Pendle Hill, 2007
The air smells of the crisp remnants of spring, the sky glimmers in that sparkling azure. Two biddy ladies sip back their teas on the front porch whilst flipping through their semi-glossy Avon catalogues, eating those little cucumber-on-wonder bread sandwiches with the crusts cut off. Meanwhile, across the street, you walk through the gate of the slightly jagged and off-white picket fence, past the browning shrubbery, up the double step littered with barbies and their many and varied accessories, through the front door to be greeted by the aroma of brownies baking in the oven, catching a fervent whiff of the special ingredient- the remnants of which lie scattered about the checker-clothed kitchen table in plastic baggies of various sizes, seated alongside your stoic partner.
You head towards the back screen door, swatting away the spring flies that seem to surface as a balance for the pleasantries of the season. Ambling over to the strategically placed hole in the back fence, you hope to catch a glimpse of what your left-wing neighbours are getting up to today. Your eyes fall first upon the fallen ash on a small backyard stool, trailing over to the teenagers in one corner of the yard, all shirtless and uninhibited in enjoying the afternoon’s warm rays. The rose between two thorns stirs suddenly, the calm look in her eyes compelling you to catch her gaze for just a moment before turning away from your peeping hole.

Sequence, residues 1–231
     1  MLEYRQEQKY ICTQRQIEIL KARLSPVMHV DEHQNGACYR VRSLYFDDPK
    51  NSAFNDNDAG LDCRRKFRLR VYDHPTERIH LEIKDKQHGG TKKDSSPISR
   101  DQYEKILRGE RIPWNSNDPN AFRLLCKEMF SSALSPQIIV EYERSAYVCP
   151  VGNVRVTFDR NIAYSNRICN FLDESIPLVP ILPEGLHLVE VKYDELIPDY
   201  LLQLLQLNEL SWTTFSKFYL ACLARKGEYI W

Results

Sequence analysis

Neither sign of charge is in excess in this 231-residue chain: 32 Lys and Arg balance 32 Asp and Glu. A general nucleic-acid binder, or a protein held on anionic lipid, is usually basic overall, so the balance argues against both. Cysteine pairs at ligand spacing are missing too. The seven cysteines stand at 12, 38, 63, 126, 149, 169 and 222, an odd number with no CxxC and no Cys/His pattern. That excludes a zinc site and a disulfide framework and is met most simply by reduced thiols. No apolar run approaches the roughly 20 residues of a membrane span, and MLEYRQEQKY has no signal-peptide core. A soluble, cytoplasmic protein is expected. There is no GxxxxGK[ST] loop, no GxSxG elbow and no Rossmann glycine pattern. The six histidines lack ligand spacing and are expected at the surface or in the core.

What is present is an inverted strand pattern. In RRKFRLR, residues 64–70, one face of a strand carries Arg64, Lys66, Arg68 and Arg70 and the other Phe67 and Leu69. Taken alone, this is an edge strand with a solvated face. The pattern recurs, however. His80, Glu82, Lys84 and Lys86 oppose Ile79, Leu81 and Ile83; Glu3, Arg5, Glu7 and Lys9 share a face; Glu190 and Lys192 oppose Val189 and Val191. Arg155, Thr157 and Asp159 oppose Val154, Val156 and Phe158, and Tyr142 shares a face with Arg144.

You leave your house again, strolling past the lone wooden horse that is yet to be ridden, past the two young boys playing with black baby dolls, past the young couple that daily roam the main street arm in arm, past the Korean gothic relentlessly practicing her hula hooping skills. You walk for hours, visually gulping in the familiar imagery, listening to the tender murmur of the suburban vernacular.